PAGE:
As an American, I am embarrassed that the U.S. House of Representatives has 220 members who actually believe the government can successfully centrally plan the medical and insurance industries.
I'm embarrassed that my representatives think that government can subsidize the consumption of medical care without increasing the budget deficit or interfering with free choice.
It's a triumph of mindless wishful thinking over logic and experience.
The 1,990-page bill is breathtaking in its bone-headed audacity. The notion that a small group of politicians can know enough to design something so complex and so personal is astounding. That they were advised by "experts" means nothing since no one is expert enough to do that. There are too many tradeoffs faced by unique individuals with infinitely varying needs.
Government cannot do simple things efficiently. The bureaucrats struggle to count votes correctly. They give subsidized loans to "homeowners" who turn out to be 4-year-olds. Yet congressmen want government to manage our medicine and insurance.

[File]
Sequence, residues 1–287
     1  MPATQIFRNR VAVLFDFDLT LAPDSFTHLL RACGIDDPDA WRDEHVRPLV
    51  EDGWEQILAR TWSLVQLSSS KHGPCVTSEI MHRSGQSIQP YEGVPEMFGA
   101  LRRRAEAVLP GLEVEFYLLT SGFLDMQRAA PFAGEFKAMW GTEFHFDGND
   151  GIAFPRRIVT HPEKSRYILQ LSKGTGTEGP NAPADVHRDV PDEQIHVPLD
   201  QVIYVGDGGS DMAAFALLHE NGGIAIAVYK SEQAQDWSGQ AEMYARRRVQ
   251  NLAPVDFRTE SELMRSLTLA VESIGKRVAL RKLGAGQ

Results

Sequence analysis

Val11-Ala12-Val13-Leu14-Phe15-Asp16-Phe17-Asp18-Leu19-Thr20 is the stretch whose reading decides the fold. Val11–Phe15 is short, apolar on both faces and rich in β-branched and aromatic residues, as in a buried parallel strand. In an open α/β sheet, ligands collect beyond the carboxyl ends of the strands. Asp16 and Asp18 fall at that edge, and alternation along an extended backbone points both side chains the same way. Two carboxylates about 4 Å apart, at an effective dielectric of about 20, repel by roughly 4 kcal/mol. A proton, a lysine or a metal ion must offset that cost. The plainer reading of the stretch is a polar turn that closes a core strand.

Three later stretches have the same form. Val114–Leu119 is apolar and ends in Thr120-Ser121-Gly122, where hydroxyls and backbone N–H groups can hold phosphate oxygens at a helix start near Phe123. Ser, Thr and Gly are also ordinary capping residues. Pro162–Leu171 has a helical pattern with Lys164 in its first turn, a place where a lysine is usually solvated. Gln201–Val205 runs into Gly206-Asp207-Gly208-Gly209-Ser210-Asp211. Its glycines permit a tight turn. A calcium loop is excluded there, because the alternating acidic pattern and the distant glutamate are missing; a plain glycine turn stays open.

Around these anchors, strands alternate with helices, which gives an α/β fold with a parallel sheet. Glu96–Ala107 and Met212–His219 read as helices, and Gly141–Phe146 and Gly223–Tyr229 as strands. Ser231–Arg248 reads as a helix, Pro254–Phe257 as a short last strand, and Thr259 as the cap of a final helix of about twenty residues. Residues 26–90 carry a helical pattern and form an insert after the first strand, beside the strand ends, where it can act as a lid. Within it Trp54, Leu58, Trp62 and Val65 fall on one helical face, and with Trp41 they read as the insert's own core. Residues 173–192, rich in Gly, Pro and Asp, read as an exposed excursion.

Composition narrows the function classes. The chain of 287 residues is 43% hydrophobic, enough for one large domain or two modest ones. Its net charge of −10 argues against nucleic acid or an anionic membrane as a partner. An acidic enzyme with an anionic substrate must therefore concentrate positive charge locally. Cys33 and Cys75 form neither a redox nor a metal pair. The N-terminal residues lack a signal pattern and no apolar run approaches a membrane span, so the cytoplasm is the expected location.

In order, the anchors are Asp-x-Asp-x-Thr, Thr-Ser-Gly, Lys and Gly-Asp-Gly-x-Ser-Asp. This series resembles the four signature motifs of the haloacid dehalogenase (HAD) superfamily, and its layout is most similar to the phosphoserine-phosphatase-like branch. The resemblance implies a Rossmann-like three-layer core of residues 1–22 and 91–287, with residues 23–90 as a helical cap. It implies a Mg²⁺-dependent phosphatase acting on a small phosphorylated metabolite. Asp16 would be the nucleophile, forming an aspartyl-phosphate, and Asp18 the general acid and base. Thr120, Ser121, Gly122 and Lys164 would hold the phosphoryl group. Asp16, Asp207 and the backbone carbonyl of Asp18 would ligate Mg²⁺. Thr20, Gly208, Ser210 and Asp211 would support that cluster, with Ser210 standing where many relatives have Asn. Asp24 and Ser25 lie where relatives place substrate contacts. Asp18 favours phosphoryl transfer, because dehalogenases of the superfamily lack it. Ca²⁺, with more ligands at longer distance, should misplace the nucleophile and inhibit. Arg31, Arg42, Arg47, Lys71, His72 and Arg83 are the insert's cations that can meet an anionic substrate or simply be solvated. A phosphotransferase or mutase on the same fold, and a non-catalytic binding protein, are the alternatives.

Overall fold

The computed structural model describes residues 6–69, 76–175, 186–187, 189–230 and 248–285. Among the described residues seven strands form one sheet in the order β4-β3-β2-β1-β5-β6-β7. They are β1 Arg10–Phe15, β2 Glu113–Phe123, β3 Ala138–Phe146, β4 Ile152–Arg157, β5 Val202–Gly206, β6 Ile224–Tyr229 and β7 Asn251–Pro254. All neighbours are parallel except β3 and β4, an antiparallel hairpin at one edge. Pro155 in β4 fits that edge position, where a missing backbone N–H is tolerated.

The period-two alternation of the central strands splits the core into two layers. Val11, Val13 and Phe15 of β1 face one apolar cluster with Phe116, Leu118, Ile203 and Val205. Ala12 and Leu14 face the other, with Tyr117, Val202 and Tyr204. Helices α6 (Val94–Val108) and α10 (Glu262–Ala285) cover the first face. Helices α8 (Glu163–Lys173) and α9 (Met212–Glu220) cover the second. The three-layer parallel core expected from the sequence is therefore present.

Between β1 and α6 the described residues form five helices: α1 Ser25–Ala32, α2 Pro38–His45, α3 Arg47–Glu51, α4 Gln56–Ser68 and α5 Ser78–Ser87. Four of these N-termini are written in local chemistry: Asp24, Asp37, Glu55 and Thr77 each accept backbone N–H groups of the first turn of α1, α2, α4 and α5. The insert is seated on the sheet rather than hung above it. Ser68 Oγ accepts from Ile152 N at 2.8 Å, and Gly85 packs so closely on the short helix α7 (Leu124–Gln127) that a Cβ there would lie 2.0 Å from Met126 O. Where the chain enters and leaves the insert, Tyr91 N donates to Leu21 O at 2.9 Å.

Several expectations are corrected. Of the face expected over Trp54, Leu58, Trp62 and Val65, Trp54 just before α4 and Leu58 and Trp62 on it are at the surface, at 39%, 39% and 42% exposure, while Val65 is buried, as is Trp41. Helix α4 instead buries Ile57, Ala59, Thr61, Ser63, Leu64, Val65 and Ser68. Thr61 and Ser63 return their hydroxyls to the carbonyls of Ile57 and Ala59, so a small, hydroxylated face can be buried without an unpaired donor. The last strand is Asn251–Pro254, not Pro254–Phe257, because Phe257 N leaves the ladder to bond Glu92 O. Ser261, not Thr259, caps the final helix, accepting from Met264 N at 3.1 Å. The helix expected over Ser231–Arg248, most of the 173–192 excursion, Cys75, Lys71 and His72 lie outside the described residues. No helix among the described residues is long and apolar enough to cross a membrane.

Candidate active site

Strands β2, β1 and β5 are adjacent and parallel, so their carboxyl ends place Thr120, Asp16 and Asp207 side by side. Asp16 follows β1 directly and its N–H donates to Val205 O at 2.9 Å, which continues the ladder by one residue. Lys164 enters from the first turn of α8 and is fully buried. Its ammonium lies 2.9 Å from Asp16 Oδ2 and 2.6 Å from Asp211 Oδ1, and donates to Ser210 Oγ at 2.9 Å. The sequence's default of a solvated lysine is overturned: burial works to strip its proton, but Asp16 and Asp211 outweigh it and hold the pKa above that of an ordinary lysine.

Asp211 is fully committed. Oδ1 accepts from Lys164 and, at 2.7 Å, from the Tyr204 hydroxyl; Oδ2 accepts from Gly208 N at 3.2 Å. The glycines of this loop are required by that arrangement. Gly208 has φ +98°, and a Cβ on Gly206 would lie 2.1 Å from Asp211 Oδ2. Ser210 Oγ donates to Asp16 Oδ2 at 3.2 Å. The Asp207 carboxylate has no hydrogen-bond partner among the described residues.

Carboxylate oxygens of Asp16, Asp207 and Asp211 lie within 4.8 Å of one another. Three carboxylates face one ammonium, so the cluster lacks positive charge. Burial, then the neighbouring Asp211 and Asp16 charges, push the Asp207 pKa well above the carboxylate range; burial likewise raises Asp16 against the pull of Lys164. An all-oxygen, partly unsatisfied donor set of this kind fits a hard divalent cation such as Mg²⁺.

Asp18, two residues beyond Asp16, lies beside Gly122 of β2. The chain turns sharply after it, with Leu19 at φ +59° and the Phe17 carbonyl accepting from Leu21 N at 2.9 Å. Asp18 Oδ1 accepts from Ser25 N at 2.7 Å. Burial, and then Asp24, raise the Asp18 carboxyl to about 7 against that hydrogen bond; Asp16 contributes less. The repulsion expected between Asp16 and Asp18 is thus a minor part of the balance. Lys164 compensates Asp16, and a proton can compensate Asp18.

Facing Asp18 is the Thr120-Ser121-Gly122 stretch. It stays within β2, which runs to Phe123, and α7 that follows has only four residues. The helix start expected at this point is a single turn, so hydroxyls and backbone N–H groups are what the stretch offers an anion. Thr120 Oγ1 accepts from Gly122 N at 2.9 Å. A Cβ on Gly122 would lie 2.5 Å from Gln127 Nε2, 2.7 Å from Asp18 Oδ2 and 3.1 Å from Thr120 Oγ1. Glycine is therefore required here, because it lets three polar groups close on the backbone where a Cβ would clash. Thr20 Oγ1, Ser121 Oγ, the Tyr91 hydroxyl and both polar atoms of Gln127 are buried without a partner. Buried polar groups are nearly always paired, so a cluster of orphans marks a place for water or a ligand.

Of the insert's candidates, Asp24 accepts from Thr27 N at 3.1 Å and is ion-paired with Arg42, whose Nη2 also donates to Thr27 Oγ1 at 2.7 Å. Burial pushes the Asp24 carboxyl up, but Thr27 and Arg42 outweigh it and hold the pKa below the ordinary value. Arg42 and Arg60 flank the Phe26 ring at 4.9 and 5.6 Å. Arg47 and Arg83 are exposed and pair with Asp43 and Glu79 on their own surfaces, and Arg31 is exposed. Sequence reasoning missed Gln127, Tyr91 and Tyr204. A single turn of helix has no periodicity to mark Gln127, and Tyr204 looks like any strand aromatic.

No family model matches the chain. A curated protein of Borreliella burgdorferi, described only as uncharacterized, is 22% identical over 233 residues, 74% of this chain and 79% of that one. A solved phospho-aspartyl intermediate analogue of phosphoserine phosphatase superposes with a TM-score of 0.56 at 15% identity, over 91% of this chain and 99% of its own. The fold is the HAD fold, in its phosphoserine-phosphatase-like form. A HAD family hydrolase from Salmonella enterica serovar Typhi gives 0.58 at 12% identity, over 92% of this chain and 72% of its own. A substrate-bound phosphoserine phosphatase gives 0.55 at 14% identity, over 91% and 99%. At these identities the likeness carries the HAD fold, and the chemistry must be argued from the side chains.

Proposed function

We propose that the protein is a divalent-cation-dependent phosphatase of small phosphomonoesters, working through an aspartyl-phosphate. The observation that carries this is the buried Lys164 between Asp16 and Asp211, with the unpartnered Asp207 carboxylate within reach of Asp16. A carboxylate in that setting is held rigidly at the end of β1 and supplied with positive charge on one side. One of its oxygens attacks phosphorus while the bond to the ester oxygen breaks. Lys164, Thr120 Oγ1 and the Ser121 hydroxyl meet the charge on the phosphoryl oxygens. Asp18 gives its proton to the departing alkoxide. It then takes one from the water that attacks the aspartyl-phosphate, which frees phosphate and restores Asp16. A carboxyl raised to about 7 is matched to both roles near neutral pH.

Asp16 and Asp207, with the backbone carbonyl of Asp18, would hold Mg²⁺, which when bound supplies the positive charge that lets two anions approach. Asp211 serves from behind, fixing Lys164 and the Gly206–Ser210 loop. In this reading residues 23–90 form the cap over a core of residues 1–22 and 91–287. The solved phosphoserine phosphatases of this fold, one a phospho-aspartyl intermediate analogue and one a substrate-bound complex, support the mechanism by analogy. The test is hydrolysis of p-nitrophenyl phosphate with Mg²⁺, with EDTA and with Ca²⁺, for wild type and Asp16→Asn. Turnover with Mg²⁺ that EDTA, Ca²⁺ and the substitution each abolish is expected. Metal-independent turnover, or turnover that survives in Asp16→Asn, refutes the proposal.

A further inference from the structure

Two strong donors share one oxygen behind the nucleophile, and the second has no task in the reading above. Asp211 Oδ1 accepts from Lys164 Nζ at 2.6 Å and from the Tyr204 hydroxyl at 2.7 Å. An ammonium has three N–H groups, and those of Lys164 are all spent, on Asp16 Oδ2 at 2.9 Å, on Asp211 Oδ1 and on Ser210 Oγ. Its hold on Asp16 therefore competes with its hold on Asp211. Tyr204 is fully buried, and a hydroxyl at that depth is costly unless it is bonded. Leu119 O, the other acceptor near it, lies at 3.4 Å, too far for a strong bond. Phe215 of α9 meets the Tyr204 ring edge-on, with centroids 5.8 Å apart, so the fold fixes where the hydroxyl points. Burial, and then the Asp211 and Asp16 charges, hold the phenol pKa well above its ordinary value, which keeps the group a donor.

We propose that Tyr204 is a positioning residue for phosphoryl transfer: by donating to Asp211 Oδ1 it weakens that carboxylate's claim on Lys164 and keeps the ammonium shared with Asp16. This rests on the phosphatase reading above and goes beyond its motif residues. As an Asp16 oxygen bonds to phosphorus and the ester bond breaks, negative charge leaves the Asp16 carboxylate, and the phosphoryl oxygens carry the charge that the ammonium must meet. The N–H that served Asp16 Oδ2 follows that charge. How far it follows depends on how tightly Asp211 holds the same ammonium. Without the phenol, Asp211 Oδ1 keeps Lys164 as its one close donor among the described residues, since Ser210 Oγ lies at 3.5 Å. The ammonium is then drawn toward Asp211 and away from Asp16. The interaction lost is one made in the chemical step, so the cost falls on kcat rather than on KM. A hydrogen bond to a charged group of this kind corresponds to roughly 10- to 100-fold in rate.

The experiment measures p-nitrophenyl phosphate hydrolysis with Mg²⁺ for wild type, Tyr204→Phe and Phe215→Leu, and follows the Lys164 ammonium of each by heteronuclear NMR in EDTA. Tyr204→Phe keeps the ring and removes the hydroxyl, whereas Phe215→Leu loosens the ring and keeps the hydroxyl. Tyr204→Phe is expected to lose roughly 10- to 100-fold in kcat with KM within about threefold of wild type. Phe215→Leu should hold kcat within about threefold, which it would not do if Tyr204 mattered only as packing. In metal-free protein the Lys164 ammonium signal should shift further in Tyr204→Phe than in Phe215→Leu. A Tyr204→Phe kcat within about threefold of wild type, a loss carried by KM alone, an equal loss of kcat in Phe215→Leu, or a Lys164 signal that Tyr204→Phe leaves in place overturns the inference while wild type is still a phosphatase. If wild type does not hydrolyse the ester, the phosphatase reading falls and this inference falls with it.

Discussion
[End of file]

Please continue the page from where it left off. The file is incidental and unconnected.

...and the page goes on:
Competition is a "discovery procedure," Nobel-prize-winning economist F. A. Hayek taught. Through the competitive market process, we producers and consumers constantly learn things that force us to adjust our behavior if we are to succeed. Central planners fail for two reasons:
First, knowledge about supply, demand, individual preferences and resource availability is scattered -- much of it never articulated -- throughout society. It is not concentrated in a database where a group of planners can access it.
Second, this "data" is dynamic: It changes without notice.
No matter how honorable the central planners' intentions, they will fail because they cannot know the needs and wishes of 300 million different people. And if they somehow did know their needs, they wouldn't know them tomorrow.
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